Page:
The just-released Velocity plan for downtown has already scored one victory: It has thousands of downtown stakeholders beginning to think about the city center as a collection of neighborhoods where people actually live.
For too long, we’ve built our downtown primarily as a place to visit—whether for work, a convention or a sporting event—then leave. That’s why there’s no shortage of restaurants, a collection of best-in-class sports stadiums, and plenty of office and meeting space. There’s a lot of housing, too—and much more in the pipeline—but many amenities typically found in 24-hour neighborhoods are in short supply.
Velocity, sponsored by Indianapolis Downtown Inc. and supported by the city and a host of businesses and civic organizations, suggests hundreds of improvements for downtown and its surrounding neighborhoods to be made over the next five years. We hope it’s the beginning of a shift in mind-set. Most of the suggestions in the plan, which was compiled over the last year with input from almost 4,000 people, are aimed at making downtown more livable.
Downtown already has a unique set of advantages. Home-grown bars and restaurants, and a concentration of arts, cultural and sports attractions are all within biking or walking distance for most downtown dwellers. Velocity recommends building on those advantages by addressing what’s missing. Among its many recommendations:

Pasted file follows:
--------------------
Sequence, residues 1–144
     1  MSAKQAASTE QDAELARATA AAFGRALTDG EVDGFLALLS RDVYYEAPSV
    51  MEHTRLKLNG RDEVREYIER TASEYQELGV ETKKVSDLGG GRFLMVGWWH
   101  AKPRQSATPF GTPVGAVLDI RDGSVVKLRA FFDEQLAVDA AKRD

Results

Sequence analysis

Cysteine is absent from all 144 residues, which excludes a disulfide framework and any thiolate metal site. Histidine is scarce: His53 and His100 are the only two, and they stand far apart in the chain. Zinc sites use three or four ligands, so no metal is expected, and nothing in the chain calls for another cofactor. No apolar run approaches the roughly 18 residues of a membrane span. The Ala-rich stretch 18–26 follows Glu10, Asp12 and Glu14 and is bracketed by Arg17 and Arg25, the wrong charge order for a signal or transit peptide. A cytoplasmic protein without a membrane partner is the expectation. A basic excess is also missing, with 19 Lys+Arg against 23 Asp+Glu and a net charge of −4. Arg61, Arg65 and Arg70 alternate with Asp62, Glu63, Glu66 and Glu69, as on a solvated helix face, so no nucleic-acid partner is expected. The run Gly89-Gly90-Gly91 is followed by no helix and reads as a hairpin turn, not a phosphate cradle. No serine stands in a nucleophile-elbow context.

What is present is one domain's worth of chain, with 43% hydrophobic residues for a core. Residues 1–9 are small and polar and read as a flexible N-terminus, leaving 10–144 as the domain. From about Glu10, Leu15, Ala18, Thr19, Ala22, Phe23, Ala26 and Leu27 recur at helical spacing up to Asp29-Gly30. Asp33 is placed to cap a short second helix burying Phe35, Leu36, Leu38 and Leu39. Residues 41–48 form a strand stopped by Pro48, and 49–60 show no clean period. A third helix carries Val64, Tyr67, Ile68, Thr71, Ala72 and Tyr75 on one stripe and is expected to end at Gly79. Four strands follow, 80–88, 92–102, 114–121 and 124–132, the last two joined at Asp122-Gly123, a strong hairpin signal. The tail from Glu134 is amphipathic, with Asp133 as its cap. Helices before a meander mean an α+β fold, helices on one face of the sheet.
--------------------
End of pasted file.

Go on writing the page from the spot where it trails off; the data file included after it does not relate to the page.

• Identify eight sites for such things as micro-parks, community gardens, dog parks and play spaces.
• Increase the downtown tree canopy. Most desirable neighborhoods are full of trees, after all.
• Investigate the feasibility of adding a K-8 public school in the downtown core.
• Consider converting selected one-way streets to two-way streets to calm traffic and make the thoroughfares more pedestrian-friendly.
• A host of recommendations for business development, from micro-grants for startups to recruitment efforts for high-growth industries, could result in enhanced services for residents and more downtown jobs.
Velocity’s tactics for enhancing downtown are categorized by the time it will take to implement them, either 18 months or five years. The timing seems off in a few cases.
Why, for example, should adding more bike racks be part of a five-year plan? The same goes for another recommendation, advocating for enforcement of downtown design guidelines that already exist. With key properties, such as The Indianapolis Star headquarters, about to be redeveloped, the time for design accountability is now.
But those are minor quibbles with a plan that overall holds great promise, not just because of what it recommends but because each recommendation is assigned to an organization responsible for its implementation. IDI will shepherd most of the execution, but will get help from the city, the Arts Council, Indiana Sports Corp., Indy Chamber, IndyHub, IUPUI, Keep Indianapolis Beautiful, LISC and Visit Indy.
Velocity’s developers placed a high priority on coming up with a plan that would stir action, not sit on a shelf. We hope that strategy will result in important improvements for a downtown that is an economic engine for the state but that can’t afford to rest on its laurels. Now the real work begins.•